Brian's Burn Notice: Indie movies offer alternatives to traditional summer fare; Low-budget films feature quirky and creative takes on favorite blockbuster genres

by Brian Burns
While sequels and superhero movies clog mainstream cinemas, independent summer movies are quietly flourishing.  These films make up for their lack of big budgets and special effects with interesting characters and realistic situations.
Unlike cookie-cutter blockbusters of today, independent films take risks with their storytelling. While they feature every genre of mainstream cinema, independent films offer a unique outlook on traditional stories.

The Romance
The Spectacular Now is a romance between a geeky girl and a popular guy, but with more depth than the typical She’s All That – style teen flick – most notably, the boy’s drinking problem and his absent, alcoholic father.
Stars Shailene Woodley (freshly sprung from The Secret Life of the American Teenager on ABC Family) and Miles Teller (Footloose) have received rave reviews for their accurate portrayal of teens wavering on the precipice of adulthood.
The Spectacular Now portrays the blush of first love, inviting comparisons to another movie that premiered in the summer, 2009’s (500) Days of Summer.  However, unlike (500) Days it always keeps a foot firmly planted in reality without the escape of the protagonist’s fantasy sequences.          The Spectacular Now premieres on Aug. 2.
The Heist Film
The Bling Ring is based on the true story of a group of young adults living in Hollywood who burglarized  the homes of celebrities such as Paris Hilton.
Directed by Sofia Coppola (Lost in Translation), the film stars Emma Watson with a pitch-perfect valley-girl accent as a member of the eponymous “ring.”
Unlike more traditional heist films like Ocean’s 11, The Bling Ring is less about the actual crimes than a biting commentary on America’s idolization of celebrities.
The thieving protagonists are also portrayed less as heroes and more as airheads.  For example, at a press conference Watson rhapsodizes over how she “may lead a country one day” for all she knows.  The Bling Ring is a rare heist film in that it finds the comedy in its subjects’ superficial nature. The Bling Ring  debuts in theaters on June 14.
The Thriller
The East is as taut a thriller as last year’s Argo, but with a fraction of the budget. It is also told from the perspective of the obstinate “bad guys” – eco-terrorists who set out to punish big business moguls for their crimes.
The unconventional leaders are Juno’s Ellen Page and True Blood’s Alexander Skarsgård, while Brit Marling portrays an ex-FBI agent who infiltrates the organization.  Marling’s character, Sarah, comes to have sympathy for the supposed “terrorists,” with a romance forming between her and Skarsgård.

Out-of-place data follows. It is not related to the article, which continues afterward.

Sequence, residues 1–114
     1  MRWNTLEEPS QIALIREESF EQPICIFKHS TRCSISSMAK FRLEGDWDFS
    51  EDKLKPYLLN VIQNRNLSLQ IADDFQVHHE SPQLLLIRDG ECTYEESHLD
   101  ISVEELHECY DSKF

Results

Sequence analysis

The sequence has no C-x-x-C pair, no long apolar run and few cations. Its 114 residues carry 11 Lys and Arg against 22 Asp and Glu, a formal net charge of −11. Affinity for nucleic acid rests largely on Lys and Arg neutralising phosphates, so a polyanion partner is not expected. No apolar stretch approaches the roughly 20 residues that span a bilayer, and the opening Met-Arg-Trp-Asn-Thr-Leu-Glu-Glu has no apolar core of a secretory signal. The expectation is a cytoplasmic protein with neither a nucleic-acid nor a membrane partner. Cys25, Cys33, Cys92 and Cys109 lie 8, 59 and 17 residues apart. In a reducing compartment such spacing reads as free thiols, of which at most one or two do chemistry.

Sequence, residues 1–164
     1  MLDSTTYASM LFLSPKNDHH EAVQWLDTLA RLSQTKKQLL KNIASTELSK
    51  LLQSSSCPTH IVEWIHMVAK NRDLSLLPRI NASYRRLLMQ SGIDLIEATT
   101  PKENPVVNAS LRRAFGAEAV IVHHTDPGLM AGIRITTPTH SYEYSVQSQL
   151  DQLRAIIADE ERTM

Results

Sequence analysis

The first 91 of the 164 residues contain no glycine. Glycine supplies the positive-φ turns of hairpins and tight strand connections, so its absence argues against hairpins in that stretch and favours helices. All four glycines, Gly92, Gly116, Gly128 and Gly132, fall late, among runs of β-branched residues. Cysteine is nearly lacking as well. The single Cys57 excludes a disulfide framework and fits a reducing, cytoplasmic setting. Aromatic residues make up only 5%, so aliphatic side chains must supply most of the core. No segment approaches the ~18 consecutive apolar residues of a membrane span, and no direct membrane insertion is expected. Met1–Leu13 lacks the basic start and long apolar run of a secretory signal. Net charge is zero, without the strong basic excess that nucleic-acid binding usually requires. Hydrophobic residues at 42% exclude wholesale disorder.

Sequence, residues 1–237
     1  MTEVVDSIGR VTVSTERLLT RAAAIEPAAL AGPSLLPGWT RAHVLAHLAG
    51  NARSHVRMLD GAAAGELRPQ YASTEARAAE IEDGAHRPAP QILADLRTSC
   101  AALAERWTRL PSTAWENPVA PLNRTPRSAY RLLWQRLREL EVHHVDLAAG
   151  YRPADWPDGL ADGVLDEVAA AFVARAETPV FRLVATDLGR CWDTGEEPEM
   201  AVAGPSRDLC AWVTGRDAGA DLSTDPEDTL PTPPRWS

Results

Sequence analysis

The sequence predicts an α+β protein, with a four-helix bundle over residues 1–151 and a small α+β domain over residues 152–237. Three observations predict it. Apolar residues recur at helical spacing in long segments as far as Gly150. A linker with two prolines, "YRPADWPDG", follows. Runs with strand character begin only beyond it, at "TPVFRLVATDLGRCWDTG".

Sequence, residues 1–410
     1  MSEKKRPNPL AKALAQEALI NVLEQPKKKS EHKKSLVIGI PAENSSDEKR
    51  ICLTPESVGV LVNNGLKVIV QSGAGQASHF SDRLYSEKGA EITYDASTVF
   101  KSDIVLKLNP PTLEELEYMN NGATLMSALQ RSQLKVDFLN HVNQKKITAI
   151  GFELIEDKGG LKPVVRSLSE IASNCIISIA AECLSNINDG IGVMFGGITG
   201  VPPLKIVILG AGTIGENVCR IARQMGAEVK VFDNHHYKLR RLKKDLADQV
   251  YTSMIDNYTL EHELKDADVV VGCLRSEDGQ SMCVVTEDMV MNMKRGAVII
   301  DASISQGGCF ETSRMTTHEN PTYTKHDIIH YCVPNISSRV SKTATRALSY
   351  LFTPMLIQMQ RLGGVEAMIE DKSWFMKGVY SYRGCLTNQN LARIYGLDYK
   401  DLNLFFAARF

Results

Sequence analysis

The East came out in theaters on May 31.
The Coming-of-Age Story
The Way, Way Back is a coming-of-age story that focuses more on the issues of adults than on the kid at its center.  When the teenaged Duncan vacations at a water park, he is taken under the wing of manager Owen (Sam Rockwell), a man child who is also struggling to grow up.
Like fellow Sundance hit Little Miss Sunshine,  The Way, Way Back features eccentric characters set against a bittersweet backdrop of the boy’s struggles to both mature and accept his mother’s new boyfriend.
Steve Carell plays against type as said boyfriend, the film’s stoic antagonist who classifies Duncan as a “three out of ten” at the movie’s onset.  He epitomizes the focus of the film: the issue of adults accepting kids.
The Way, Way Back opens on July 5.
The Sex Comedy
The To Do List would give The Hangover a run for its money with its R-rated content.  However, in a break from traditional sex comedies it depicts the woman’s perspective.
In addition to being written and directed by a woman (Mary Carey), it stars Parks and Recreation actress Aubrey Plaza.  Plaza plays a valedictorian desperate to lose her virginity in the summer before college, showing that women are just as capable of handling raunchy material as men.
She is supported by an all-star comedy cast that includes Bill Hader, Donald Glover and Clark Gregg.
The To Do List opens July 26.
The films may be available on Video on Demand or at the local Digiplex Cranford Theater.